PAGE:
In the past decade, narratives of a dystopian climate future have helped connect people with characters in worlds decimated by industrial expansion and climate disruption. In the real world, scientists are looking to geo-engineering and other innovations to help preserve the wellbeing of life on Earth.
“20 years ago you were writing about this and you’re just a journalist off on a wild goose chase or you're a science fiction writer portraying an implausible future,” says acclaimed science fiction writer Kim Stanley Robinson, “Now everybody's there.”
Robinson is the author of more than twenty books, including the best-selling Mars trilogy. His most recent novel is The Ministry for the Future, which uses fictional eyewitness accounts to tell the story of a climate future that may not be so far off.
“I conceived of it as being the most hopeful outcome for the next 30 years that you could still believe in given where we are now,” he says.
Those outcomes are also the subject of the new book from New Yorker staff writer Elizabeth Kolbert. In Under a White Sky: The Nature of the Future, she explores how the very ways in which humans have transformed and damaged the well-being of life on Earth may also hold the keys to preserving it.
“Controlled flooding to counteract the effects of flood control,” she cites as one example, “these sorts of interventions that then demand new interventions on top of them.”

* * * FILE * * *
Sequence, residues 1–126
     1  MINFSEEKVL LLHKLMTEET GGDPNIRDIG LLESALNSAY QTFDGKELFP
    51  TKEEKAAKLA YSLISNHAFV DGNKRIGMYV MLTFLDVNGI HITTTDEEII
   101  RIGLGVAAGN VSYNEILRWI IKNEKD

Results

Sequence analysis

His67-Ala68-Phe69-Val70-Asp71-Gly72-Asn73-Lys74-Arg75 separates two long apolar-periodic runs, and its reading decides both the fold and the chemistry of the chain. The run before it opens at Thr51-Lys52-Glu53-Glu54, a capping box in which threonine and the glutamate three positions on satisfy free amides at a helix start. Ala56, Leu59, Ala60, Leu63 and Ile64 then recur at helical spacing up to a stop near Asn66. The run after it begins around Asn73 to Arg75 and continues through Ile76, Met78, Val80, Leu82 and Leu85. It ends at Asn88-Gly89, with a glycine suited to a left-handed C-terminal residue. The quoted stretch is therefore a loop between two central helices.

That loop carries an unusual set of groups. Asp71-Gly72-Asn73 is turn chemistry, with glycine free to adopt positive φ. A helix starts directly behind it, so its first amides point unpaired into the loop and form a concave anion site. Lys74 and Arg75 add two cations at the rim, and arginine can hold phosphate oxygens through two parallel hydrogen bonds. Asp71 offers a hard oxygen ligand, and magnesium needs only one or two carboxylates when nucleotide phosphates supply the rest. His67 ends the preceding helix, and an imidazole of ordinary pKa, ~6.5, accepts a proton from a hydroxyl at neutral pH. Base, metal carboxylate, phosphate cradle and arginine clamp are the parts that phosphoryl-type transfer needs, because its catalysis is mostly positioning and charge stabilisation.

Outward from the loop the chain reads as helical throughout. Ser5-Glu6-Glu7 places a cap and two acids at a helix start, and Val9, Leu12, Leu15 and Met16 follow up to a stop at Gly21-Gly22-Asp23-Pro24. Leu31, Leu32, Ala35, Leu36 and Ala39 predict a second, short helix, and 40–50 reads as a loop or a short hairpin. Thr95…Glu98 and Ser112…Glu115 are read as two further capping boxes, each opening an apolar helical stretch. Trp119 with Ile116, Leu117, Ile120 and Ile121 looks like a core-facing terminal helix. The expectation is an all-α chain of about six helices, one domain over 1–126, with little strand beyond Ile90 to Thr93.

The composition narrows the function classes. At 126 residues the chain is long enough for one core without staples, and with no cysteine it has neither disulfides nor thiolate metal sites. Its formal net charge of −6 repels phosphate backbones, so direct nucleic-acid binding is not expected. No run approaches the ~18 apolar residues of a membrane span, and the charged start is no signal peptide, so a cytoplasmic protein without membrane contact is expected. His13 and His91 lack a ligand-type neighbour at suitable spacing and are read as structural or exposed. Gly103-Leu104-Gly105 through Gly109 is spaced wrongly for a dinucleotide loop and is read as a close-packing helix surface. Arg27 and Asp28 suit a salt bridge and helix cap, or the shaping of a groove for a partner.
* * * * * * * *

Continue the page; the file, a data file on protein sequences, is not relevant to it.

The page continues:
Despite being an award-winning climate writer, Kolbert still grapples with how to make something as huge as global climate disruption about human beings and their stories.
“Often I'm out with people who are trying to learn something at the edge of what's known,” she explains, “so we personalize it by going on a journey.”
Journalist and oral historian Jeff Biggers experienced a similar frustration trying to tell the story of the coal industry’s impact on his native southern Illinois. That struggle led him to create the Climate Narrative Project.
“If you approach climate narratives as cultural historians as cultural storytellers,” he says, “I think we can begin to understand that it's about the people, and it's about how those people relate to us and how we relate to them in their everyday lives.”
Biggers found that relying on data compiled in policy papers or PowerPoint presentations was failing to get vital information into the hands of the community.
“What we’re missing is a way to galvanize engagement, [to] galvanize people to support policies that are actually gonna change,” he says, “and that only can happen when we have effective climate storytelling.”
Speakers at this Event
Greg Dalton: This is Climate One. I’m Greg Dalton. [pause] How can storytelling help connect us with the realities of a changing climate?
Elizabeth Kolbert: Often we’re on a voyage of discovery, often I'm out with people who are trying to learn something at the edge of what's known.